wittengenstein, Jerry Doyle had some kind of radio show and was saying some pretty wingnutty stuff in the mid-2000s, don't know what he's been up to lately, though.
posted by Nat "King" Cole Porter Wagoner at 8:17 AM on May 30, 2013 [1 favorite]

Because it turns out you can't have an employment contract with a piece of wood?

Maybe read the article before being witty? I was not a huge O'Hare fan, but finding out he had pretty serious mental health problems makes me want to avoid the "wooden" jokes.
posted by never used baby shoes at 8:20 AM on May 30, 2013 [9 favorites]

This is hilarious. I was in Phoenix on business as comicon was gearing up. It was nothing short of hilarious going to work and then seeing a 300lb batman walk past.
posted by RedShrek at 8:33 AM on May 30, 2013

If I was in the audience, I would have been the one really annoying guy asking JMS questions about Jayce and the Wheeled Warriors.

Oh my god was six-year-old me ever into that show.

I wish I'd known about the Babylon 5 connection back when it was airing, I probably would have watched it.
posted by prize bull octorok at 9:01 AM on May 30, 2013

Melismata: "Does Babylon 5 have a "Poltergeist"-type curse on it? There seem to be an awful lot of dead people from that show."

Boxleitner blames the fact that their soundstage was a converted former hottub factory with a leaky roof and who knows what kinds of vapors from industrial chemicals used in fiberglass processing seeping back out of the walls.
posted by radwolf76 at 9:34 AM on May 30, 2013

Babylon 5 was, and still is one of those great memories, it was the first show i tried to never miss, and recorded religiously. Yet the episode where Kosh (the vorlon) first came out of his suit, kept being missed. VCR broke one time, sick in hospital the next time, etc, it wasn't until i tracked it down other ways that i actually saw that one.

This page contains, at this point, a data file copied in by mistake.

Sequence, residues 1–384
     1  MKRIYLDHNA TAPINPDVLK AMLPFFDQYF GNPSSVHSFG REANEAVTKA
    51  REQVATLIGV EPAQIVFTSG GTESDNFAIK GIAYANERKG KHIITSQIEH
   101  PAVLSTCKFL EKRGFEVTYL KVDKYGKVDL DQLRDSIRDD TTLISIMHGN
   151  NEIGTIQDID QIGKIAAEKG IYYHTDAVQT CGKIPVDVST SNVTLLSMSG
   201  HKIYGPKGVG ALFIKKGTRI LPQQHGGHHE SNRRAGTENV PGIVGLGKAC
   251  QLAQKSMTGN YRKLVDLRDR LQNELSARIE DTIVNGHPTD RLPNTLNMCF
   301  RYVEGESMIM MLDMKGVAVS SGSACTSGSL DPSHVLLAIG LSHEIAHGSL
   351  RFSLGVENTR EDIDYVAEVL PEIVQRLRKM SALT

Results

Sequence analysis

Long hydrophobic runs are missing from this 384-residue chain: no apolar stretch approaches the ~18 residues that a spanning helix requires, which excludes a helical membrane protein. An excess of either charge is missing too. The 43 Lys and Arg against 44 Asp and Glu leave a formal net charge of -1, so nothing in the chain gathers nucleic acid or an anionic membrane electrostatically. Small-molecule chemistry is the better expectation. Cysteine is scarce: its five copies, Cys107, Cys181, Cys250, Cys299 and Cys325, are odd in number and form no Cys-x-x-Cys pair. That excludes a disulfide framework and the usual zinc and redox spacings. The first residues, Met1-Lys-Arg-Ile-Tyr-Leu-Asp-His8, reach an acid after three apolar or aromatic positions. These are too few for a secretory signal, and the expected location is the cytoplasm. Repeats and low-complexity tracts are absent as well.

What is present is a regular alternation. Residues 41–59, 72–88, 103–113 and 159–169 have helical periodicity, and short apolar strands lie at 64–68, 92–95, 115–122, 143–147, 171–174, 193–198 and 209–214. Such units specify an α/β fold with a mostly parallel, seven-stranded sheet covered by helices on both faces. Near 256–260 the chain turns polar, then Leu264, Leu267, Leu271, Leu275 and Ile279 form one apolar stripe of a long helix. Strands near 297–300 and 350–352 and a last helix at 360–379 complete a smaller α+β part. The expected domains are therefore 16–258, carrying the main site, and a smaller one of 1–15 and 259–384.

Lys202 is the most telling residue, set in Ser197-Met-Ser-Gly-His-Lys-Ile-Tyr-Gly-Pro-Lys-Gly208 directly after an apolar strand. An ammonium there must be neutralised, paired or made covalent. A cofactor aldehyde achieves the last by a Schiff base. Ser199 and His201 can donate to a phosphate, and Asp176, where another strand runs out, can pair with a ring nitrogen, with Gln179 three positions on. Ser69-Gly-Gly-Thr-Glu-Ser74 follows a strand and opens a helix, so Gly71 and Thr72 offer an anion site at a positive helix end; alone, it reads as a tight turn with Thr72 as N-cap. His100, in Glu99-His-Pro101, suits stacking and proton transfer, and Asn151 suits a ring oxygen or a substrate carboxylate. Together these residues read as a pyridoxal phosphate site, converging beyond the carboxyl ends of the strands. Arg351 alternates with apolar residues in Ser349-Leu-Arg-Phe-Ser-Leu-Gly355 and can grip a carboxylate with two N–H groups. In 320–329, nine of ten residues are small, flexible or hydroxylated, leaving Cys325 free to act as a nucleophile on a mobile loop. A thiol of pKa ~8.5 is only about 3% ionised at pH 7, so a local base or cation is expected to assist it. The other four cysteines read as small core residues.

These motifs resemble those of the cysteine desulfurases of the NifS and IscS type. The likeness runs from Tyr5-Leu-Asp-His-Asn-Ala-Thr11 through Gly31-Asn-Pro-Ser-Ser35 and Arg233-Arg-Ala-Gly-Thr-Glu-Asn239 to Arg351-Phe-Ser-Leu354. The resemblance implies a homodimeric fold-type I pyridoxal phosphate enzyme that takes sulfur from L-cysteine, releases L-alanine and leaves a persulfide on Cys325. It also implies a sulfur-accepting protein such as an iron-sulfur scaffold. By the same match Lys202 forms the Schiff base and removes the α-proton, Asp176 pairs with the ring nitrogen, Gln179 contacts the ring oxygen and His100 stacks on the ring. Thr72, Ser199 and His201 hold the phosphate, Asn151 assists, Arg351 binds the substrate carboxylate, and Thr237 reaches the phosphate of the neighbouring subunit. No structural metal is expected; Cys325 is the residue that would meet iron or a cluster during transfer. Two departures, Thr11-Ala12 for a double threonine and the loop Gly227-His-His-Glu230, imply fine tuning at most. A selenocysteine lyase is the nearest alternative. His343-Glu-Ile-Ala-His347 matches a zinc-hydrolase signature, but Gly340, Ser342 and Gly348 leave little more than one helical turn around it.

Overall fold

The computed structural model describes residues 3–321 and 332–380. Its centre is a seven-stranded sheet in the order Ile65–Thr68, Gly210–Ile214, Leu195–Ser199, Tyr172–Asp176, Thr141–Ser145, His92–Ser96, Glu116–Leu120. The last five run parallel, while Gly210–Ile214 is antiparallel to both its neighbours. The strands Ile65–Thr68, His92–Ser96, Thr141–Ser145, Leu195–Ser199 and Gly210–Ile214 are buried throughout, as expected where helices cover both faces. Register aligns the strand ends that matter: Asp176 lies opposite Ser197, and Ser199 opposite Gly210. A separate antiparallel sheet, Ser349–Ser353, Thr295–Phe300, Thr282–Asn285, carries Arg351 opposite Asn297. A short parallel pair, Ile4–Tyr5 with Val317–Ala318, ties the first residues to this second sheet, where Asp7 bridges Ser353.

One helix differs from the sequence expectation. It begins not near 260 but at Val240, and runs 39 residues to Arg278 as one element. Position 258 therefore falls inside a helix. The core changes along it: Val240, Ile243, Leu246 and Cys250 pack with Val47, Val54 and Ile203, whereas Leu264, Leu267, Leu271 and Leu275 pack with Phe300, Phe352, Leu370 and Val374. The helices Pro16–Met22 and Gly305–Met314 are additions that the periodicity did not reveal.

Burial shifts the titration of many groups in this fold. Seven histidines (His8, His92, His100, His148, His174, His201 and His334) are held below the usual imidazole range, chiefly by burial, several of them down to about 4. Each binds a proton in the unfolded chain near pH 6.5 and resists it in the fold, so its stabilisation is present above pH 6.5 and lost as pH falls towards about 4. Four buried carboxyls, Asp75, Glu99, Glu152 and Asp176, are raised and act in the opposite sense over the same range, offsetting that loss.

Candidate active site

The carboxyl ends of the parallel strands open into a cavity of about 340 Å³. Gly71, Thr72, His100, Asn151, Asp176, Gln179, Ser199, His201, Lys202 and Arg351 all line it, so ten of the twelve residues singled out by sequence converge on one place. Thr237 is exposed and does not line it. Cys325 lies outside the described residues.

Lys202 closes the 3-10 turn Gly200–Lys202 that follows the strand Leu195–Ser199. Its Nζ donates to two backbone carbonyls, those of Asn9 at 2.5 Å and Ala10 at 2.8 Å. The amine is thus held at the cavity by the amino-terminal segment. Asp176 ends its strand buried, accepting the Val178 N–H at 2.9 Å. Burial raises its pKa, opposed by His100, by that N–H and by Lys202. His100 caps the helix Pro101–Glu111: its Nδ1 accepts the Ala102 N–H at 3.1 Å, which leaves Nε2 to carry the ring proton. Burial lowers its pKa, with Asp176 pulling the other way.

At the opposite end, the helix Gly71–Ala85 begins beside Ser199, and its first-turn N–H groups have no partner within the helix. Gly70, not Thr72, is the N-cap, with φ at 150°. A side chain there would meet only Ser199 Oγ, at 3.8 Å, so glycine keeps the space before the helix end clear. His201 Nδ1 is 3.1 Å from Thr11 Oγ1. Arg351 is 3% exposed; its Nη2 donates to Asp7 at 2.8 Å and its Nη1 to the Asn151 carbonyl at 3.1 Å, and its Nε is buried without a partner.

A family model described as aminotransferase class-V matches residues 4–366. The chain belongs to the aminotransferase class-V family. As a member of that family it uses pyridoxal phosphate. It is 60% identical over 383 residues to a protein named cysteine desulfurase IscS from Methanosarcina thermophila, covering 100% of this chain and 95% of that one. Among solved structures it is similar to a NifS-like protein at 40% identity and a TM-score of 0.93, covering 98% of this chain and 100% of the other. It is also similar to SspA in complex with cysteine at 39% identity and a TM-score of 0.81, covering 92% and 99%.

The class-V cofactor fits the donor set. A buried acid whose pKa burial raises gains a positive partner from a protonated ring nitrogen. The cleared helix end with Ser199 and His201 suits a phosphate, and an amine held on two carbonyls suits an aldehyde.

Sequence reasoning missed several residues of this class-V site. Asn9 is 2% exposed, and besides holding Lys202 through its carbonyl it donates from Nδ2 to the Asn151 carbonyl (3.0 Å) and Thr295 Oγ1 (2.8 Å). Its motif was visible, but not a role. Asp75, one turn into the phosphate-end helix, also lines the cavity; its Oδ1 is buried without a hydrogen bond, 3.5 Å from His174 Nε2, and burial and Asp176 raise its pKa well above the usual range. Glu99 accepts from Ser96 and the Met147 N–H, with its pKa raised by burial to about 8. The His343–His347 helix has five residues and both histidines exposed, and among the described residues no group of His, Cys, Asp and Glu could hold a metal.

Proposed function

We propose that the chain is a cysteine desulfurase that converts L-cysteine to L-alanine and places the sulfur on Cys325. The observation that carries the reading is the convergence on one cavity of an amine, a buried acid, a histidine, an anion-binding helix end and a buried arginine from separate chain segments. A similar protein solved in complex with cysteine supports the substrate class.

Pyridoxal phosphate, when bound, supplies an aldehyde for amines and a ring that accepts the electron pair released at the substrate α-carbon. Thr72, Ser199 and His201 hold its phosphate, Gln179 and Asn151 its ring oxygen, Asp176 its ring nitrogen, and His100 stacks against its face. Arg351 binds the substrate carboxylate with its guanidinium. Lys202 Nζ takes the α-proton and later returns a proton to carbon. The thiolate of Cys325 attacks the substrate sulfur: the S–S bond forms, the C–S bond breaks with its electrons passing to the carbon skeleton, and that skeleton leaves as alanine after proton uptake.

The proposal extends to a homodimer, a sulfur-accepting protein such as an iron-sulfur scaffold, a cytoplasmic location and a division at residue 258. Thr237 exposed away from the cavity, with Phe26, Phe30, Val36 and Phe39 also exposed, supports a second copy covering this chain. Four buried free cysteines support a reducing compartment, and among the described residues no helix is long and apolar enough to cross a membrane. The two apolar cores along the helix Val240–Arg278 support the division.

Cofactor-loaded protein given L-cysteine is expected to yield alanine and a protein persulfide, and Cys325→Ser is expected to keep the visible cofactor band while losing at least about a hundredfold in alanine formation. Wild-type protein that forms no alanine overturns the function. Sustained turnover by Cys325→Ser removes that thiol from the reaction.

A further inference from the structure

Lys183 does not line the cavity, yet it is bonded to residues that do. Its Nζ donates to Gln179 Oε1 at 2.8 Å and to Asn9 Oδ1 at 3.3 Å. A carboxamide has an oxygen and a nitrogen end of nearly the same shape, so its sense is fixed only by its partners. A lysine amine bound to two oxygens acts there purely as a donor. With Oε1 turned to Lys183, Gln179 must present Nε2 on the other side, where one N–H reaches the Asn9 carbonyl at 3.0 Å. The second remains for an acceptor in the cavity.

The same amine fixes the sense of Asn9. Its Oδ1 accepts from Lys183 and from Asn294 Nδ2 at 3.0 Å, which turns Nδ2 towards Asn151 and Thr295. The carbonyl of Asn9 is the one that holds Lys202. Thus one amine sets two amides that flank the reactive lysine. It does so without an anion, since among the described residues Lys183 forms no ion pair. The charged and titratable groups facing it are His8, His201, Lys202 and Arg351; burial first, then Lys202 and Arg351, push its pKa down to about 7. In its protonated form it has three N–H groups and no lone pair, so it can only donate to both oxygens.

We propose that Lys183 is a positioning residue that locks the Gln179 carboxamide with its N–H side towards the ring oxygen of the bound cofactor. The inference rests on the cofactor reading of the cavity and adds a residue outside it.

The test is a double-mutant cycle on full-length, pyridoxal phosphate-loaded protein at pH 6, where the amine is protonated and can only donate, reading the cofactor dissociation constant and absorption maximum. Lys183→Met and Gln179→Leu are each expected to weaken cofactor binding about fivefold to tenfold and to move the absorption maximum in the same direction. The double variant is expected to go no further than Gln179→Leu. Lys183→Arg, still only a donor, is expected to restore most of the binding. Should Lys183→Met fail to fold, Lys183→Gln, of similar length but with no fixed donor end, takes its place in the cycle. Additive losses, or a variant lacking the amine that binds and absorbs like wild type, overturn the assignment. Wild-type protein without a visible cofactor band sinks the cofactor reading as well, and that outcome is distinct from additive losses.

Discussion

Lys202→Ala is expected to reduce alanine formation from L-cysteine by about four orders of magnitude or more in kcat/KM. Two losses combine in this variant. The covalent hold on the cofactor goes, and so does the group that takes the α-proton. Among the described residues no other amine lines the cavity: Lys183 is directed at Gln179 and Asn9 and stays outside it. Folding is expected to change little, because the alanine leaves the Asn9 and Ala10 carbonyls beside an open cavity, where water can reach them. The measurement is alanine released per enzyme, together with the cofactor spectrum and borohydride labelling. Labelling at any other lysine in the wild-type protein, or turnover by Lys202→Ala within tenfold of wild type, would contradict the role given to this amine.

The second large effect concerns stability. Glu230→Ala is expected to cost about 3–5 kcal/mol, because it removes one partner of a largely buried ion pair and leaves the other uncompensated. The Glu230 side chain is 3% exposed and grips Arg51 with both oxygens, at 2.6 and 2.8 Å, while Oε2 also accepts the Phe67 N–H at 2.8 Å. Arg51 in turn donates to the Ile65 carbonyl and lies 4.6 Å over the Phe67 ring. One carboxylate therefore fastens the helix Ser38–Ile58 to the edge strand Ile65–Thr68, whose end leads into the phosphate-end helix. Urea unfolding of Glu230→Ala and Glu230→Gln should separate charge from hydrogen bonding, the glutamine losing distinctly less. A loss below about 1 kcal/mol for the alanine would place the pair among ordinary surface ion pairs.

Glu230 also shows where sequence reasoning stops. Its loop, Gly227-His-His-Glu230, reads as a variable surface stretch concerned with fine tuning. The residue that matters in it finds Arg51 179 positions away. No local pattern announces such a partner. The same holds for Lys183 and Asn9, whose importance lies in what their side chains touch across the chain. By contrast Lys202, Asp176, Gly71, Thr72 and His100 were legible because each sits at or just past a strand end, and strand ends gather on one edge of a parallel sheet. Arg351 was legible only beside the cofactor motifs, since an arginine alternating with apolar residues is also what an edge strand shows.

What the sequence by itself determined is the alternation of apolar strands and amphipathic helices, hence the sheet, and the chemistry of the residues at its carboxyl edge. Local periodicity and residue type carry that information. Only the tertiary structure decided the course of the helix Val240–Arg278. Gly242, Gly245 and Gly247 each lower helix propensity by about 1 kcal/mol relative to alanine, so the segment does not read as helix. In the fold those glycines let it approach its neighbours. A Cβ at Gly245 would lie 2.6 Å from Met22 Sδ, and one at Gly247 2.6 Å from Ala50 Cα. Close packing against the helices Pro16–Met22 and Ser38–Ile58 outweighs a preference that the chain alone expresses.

Yeah, he cribbed a bit from Lord of the Rings, but also way, way before doing that was cool, and the five year plan was ballsy back then too. It was great seeing an episode and then over a year later, that episode is even more important. Unlike Lost, which just sort of pulled things out of its ass, you could get decent hints at what was to come.

I do think both DS9 and B5 started out very similar, and both grew in later seasons. B5 with the shadows and DS9 with the dominion (parallels again i see). I also feel Doctor Who with Moffatts run has been heavily influenced by B5, but not doing it as well. Drop in things that pay off later, but without enough context to even make decent guesses about it. Clara is a perfect example, something is "special" about her popping up in different times, then re are shown why, with something that has never even been hinted at before. Meanwhile in B5, you see Delenn go through the "change", keep hearing about the legend of the guy who was both minbari and human, other hints of time travel, and the pay out is way better.